“One can say of language that it is potentially the only human home, the only dwelling place that cannot be hostile to man.”
– John Berger
Ode to Ironing
Poetry is white:
it comes from the water covered with drops,
it wrinkles and piles up,
the skin of this planet must be stretched,
the sea of its whiteness must be ironed,
and the hands move and move,
the holy surfaces are smoothed out,
and that is how things are made:
hands make the world each day,
fire becomes one with steel,
linen, canvas, and cotton arrive
from the combat of the laundries,
and out of light a dove is born:
chastity returns from the foam.
translated by Stephen Mitchell
How can a word simultaneously hold within it innumerable worlds and something as intimate as a single touch, many years ago? A sense of self and calm, several waking nightmares ago. Home is something that always exists, or we believe into existence, in some form, while always being under construction. Under a process of fabulation. A very real, material armour, a refuge. But one that is often and easily violated, as the outside becomes insatiable, and its demons follow us indoors, haunting us. And so, we turn to our very real but imagined armour, the homes found in the elsewheres of a world incessantly striving to leave us bare.
I yearn, or ache – as Maya Angelou describes it – for home, in whatever manifestation I can scramble within the confusion, the heaviness of daily life. And I have found that, for me, the one sanctuary of this world is its elsewheres. I find home – a continuous, repetitive pursuit – in language, in fiction. Though counterintuitive, these elsewheres are in many ways more tightly bound with the world than fleeting realities, and can support our tired bodies and limping minds better than remembrances of a certain person or a certain place at a certain time when a certain feeling that felt like home came over us, like an ambush that we are never prepared for.
Fiction is a safe space, perhaps because it is conscious of its constructedness, unlike those other imposed fictions we have been brought up to accept as valid spaces of belonging, such as national identity, religion, and more recently, the unflinching self. My fictional homes feel more like the gentle embrace of a self-aware lover. And so I throw myself into this embrace and lie there, not as an act of detachment from the hostility of the world, but as a way in which to fully exist in it, to comprehend, shape, and constitute it. My homes are in this sense counterfictions, pushing against the frontiers of reality and its myths, with the desperation of a child hungry for its parents’ love.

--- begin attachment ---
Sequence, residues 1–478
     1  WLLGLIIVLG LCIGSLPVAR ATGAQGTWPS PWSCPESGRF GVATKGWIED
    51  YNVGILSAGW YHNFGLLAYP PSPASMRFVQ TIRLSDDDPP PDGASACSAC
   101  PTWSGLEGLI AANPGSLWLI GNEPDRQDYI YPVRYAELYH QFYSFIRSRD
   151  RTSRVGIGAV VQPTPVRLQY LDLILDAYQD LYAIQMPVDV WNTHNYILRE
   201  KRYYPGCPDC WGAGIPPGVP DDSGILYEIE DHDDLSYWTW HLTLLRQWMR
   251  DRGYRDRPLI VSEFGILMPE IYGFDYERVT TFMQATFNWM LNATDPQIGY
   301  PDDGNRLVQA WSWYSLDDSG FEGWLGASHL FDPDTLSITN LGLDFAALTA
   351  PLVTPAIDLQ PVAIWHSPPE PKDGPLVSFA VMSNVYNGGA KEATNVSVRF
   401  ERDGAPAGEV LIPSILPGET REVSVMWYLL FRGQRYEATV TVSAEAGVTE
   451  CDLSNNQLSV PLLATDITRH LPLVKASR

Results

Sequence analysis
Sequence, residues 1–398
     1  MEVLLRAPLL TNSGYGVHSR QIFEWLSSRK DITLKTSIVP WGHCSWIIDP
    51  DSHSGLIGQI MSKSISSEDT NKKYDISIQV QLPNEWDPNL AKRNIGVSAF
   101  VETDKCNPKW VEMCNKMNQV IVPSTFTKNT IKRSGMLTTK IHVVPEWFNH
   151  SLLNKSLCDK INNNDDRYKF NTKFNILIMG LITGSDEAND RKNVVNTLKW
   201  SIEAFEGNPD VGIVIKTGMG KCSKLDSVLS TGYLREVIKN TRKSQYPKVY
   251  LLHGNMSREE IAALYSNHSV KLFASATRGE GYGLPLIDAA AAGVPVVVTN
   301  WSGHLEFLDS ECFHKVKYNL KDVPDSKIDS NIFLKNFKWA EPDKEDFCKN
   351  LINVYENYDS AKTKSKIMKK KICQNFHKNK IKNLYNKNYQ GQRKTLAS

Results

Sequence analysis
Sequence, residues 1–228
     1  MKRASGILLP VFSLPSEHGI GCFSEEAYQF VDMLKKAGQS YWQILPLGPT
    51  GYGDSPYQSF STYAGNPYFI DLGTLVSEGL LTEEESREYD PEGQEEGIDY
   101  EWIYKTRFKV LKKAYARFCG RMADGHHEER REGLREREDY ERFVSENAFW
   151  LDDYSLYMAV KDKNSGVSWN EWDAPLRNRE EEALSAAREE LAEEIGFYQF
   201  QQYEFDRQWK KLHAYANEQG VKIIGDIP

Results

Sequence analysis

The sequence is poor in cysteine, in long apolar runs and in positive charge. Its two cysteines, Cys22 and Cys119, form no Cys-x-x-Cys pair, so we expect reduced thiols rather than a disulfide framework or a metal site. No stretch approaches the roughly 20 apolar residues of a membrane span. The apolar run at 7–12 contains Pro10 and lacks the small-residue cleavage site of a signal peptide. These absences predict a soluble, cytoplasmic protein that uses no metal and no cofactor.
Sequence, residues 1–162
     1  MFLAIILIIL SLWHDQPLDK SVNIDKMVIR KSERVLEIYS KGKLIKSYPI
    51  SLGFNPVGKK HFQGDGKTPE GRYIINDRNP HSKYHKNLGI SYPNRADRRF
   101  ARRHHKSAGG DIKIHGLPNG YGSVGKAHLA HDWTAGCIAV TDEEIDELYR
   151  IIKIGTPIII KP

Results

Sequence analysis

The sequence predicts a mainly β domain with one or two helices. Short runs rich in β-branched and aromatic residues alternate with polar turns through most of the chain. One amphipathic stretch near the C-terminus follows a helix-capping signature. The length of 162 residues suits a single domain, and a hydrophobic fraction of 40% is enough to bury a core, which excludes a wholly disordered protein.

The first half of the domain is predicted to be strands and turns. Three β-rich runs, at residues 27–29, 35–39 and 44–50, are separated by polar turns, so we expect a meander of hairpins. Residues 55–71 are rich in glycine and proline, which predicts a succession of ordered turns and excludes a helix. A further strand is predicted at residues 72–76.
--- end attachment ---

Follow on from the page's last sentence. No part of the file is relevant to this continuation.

One of my favourite short stories is Salman Rushdie’s “At the Auction of the Ruby Slippers”, part of his collection East West. In an undefined, bleak future setting, people from all walks of life assemble at an auction where the prize lot is the pair of magic slippers worn by Judy Garland in the film rendition of The Wizard of Oz, in which Judy’s character, Dorothy, returns back home to Kansas by clicking the heels of her ruby slippers three times. In Rushdie’s story, the promise of returning home that the ruby slippers represent is extracted from the realm of fiction by force of sheer desperation, as the auctioneers – from movie stars to exiles, outcasts and even imaginary beings – all feel equally resolute to secure their magic ticket back home. All are ‘unhomed’ in their own way, with this sense of homelessness in some ways equalising the crowd, though the financial criterion central to the context of the auction means that the road home, even that found in fiction, is an uneven landscape.
In a sense, though, in the story this inequality becomes irrelevant. Home, in the minds of all attendees is somewhere, anywhere, other than where they are. But the anywhere of home easily slips into a nowhereness, with the narrator lamenting that home “has become such a scattered, damaged, various concept.” Dorothy’s ability to return home by clicking her ruby heels and repeating that ‘There’s no place like home’ now disintegrates under the weight of the realisation that there’s no place as home. I realise, therefore, that Dorothy’s return required not one but two forms of magical invention: the ruby slippers and concrete language where the sign harmoniously corresponds to a tangible, self-contained signifier. For Dorothy, home had a form, a body: Kansas. But now, all that remains of home is metaphor and abstraction, forms which the slippers, even if they are magical, are unlikely to comprehend. If home is anywhere “except the place from which we began”, as Rushdie says in his essay “Out of Kansas”, all that remains is the endless search, the point of arrival always melting away from the ground beneath our feet.
The Kansas we left behind can only be wished into existence on the overburdened back of memory; it is as much an elsewhere, a fiction, as is finding home within a dream. And yet we long for it, thirstily. Like the auctioneers, we are beautifully condemned to “create fictions, not actual cities or villages, but invisible ones, imaginary homelands,” as Rushdie writes. I say beautifully condemned because here lies a blessing and a curse: finding a home in fiction allows for a form of solace in the face of the knowledge that we can never go home again, allowing us to continue constructing and re-constructing our own elsewheres, our Kansasses. To stretch the skin of this planet, as Neruda’s poem wonderfully goes, to make space for home.
By Lizzy Ioannidou